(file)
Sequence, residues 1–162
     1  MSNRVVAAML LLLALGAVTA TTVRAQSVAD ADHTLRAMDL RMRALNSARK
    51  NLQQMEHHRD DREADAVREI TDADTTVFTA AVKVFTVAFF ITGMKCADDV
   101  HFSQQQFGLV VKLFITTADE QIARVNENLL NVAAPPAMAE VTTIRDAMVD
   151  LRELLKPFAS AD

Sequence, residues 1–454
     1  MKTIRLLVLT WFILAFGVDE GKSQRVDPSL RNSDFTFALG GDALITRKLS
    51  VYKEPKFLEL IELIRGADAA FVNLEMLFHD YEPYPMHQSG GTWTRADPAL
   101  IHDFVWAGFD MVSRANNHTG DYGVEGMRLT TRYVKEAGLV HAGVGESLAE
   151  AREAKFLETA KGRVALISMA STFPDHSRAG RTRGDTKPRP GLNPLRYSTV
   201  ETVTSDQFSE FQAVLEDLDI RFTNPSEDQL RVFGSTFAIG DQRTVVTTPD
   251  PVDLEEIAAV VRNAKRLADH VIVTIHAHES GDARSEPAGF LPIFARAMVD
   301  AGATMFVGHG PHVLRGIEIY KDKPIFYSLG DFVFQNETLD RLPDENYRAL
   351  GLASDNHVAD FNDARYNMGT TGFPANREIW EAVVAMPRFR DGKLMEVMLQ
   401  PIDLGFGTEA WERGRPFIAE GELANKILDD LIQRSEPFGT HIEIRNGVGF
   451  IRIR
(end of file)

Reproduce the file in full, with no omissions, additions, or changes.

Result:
Sequence, residues 1–162
     1  MSNRVVAAML LLLALGAVTA TTVRAQSVAD ADHTLRAMDL RMRALNSARK
    51  NLQQMEHHRD DREADAVREI TDADTTVFTA AVKVFTVAFF ITGMKCADDV
   101  HFSQQQFGLV VKLFITTADE QIARVNENLL NVAAPPAMAE VTTIRDAMVD
   151  LRELLKPFAS AD

Sequence, residues 1–454
     1  MKTIRLLVLT WFILAFGVDE GKSQRVDPSL RNSDFTFALG GDALITRKLS
    51  VYKEPKFLEL IELIRGADAA FVNLEMLFHD YEPYPMHQSG GTWTRADPAL
   101  IHDFVWAGFD MVSRANNHTG DYGVEGMRLT TRYVKEAGLV HAGVGESLAE
   151  AREAKFLETA KGRVALISMA STFPDHSRAG RTRGDTKPRP GLNPLRYSTV
   201  ETVTSDQFSE FQAVLEDLDI RFTNPSEDQL RVFGSTFAIG DQRTVVTTPD
   251  PVDLEEIAAV VRNAKRLADH VIVTIHAHES GDARSEPAGF LPIFARAMVD
   301  AGATMFVGHG PHVLRGIEIY KDKPIFYSLG DFVFQNETLD RLPDENYRAL
   351  GLASDNHVAD FNDARYNMGT TGFPANREIW EAVVAMPRFR DGKLMEVMLQ
   401  PIDLGFGTEA WERGRPFIAE GELANKILDD LIQRSEPFGT HIEIRNGVGF
   451  IRIR